As a result of new coverage under the ACA, many previously uninsured people in eastern Kentucky are giving the nation a glimpse of life under the new health care law.
"Obamacare horror stories" where innocent citizens are losing their insurance and being forced to pay astronomical costs for new plans on the exchanges are being reported by some media outlets. The problem is that most of these stories don't survive further scrutiny. [more inside]
Esquire's Chris Jones looks at the old techniques used to make the new US $100 bill.
Evangelical churches across the country run "hell houses" on Halloween. These attractions show how "sinful" activities can ruin young lives. Some churches are trying to be more positive in their messaging. For those who are interested, you can now buy your own "hell house" outreach kit. [more inside]
John Hodgman posted about the ACA, which led his followers to tweet him about the various health problems they had encountered and the effect insurance or a lack thereof had to their lives. Hodgman retweeted many of the stories from people in their 20's and then posted 17 reasons for young people to get insured to his blog.
David Arenberg on being the only Jewish inmate in a state prison.
Tom Roeser was unhappy about the decline of his town, Carpentersville, IL. So he decided to do something about it. Roeser bought some foreclosed properties, renovated them, and then rented them out for below market value.
"During the proceedings, the prosecutor took the time to mention that no other printer in the world could do what Kuhl had done."
Hans-Jurgen Kuhl was able to create "shockingly perfect" copies of the American $100 bill by using his artistic talents to conquer the various security features present in the bill.
Student loan debt is now extending to K-12 private educations, fueled by parents who believe getting their children into the "right" primary school is essential to future success.
Presenting for your perusal: "The Conservative Teen", a new magazine designed to instill the right values in today's youth.
According to a report by Democracy Corps, the Republican "brand" in US politics is collapsing.
Historian Michael Kazin says that we are witnessing the end of the Religious Right's influence in American politics. Peter Montgomery of Alternet says not to declare the Christian Right dead quite yet.
A student group has a novel idea to reduce college costs: pay nothing up front, instead paying out 5% of their income to the UC system for 20 years after graduation.
Inmates and their families pay much higher rates for phone calls than average consumers. Most of this is due to kickbacks received by the prison system from providers. This has led to a marked increase in the use of contraband cell phones. Government recently commissioned the GAO to explore lower cost alternatives.
There are several groups trying to pass bills in different states to ban the application of foreign laws in a US court, especially Sharia law. These groups are almost all using model legislation drafted by anti-Muslim activist David Yerushalmi.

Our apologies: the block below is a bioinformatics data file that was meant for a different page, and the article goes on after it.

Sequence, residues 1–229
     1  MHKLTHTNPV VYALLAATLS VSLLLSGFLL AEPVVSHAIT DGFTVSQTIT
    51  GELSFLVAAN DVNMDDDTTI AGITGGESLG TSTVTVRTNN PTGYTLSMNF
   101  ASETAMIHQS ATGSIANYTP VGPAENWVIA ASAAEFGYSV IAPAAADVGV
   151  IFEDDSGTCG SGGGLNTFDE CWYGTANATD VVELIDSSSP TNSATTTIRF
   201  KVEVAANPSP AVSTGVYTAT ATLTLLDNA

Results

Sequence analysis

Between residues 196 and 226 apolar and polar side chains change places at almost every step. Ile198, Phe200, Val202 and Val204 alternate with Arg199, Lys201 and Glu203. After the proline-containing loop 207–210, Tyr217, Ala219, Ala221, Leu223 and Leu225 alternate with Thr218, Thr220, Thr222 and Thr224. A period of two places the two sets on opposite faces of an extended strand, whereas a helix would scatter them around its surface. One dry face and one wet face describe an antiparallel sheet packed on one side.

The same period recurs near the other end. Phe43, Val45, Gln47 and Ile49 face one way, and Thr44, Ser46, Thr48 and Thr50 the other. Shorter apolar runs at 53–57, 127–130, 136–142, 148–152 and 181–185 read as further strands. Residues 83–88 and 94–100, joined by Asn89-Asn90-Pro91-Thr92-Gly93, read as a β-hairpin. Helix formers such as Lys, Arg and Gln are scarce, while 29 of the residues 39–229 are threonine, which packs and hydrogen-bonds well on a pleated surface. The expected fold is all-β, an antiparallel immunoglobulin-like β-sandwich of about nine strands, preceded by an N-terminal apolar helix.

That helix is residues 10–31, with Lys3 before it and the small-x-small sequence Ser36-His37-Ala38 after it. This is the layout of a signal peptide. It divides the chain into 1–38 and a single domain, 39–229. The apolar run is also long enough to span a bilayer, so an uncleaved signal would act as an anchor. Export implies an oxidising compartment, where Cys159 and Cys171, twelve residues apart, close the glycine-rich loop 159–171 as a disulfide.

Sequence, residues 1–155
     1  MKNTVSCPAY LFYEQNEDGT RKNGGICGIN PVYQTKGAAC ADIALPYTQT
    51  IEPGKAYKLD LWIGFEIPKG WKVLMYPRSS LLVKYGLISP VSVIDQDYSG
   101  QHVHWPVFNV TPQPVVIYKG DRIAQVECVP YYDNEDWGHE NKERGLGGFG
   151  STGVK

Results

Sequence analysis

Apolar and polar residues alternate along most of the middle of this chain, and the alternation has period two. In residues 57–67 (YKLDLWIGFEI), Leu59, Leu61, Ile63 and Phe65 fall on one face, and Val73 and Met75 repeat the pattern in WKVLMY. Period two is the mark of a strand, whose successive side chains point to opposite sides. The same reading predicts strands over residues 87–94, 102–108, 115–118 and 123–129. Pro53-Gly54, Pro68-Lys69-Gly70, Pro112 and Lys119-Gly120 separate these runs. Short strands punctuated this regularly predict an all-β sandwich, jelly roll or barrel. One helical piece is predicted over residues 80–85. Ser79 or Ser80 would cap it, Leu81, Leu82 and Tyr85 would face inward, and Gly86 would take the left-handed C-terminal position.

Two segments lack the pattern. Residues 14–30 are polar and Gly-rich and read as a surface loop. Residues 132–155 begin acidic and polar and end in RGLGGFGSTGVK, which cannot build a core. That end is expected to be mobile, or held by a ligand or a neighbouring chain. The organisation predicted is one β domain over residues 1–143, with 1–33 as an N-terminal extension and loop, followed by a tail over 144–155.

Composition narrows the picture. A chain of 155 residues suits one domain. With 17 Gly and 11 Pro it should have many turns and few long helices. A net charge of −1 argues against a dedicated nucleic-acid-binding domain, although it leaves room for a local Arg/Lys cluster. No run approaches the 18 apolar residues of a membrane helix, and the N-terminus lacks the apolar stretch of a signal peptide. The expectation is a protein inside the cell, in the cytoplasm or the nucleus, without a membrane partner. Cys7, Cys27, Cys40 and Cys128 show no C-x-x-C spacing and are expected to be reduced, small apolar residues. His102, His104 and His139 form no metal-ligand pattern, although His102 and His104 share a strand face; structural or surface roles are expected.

You may not know who the Costacos Brothers are. But if you were a sports fan in the US during the 1980's, chances are that you had one of their posters up in your room.
David Grann of the New Yorker writes about the power of the Aryan Brotherhood inside America's federal prisons.
The Nation's William Deresiewicz looks at Ann Beattie's evolution as a writer.
The Awl takes a look at how Twitter has allowed local slang to go global, and the unhappiness this causes for some.
There has been a noticeable uptick in the use of the word "vagina" in network TV shows, reports the NY Times.
The job market is saturated and graduates are unable to get hired anywhere to get proper training. Law professors Richard Rhee and Bradley Borden have a solution: law schools should open their own law firms.
Lt. Gen. Russell Honore has a solution to the increasing splintering and radicalization of Congress: send all the members of Congress to boot camp and keep them there until they recognize their duty to America.
Dan Savage speaks about the concept of monogamy.
Former president Jimmy Carter speaks about the similarities and differences between the political climate in the mid 1970's and the present rise of the Tea Party.
The Smoking Gun has come into possession of an unusual RFP from the DEA: they want 'Ebonics experts' to help decipher wiretaps.
Shane Harris of the Washingtonian looks at the increasingly aggressive pursuit by the Obama administration of people (especially journalists) who leak sensitive information to the public.
There is a bitter feud between the two women who are trying to gain supremacy in the battle to make all of the Tea Party's travel arrangements.
Few things in history are as compelling as the duel. Refined and barbaric at the same time, this practice has had a checkered history. The rules of dueling were codified by the Irish in 1777 in the Code Duello (summarized here), which was codified at Clonmel Summer Assizes in 1777. As evidenced by these documents, dueling was in practice prior to the Irish rules being drafted. The procedure and philosophy behind duels is illustrated in this article. Dueling gained some traction in America in the 19th century, culminating in the famous Burr-Hamilton affair. There are many more resources to find out more here. For a list of famous duels, you can check out this list. Lest you think men were the only ones dueling, here are a few short anecdotes of women dueling. Reportedly, dueling is still legal in Paraguay, as long as both parties are registered blood donors.
Tax authorities using social networks to find tax cheats Yet another reason to be careful who you accept a friend request from.
Dominick Dunne died yesterday at the age of 83. was well known for his chronicling of the follies and crimes of the rich. You can read some of his pieces from Vanity Fair here.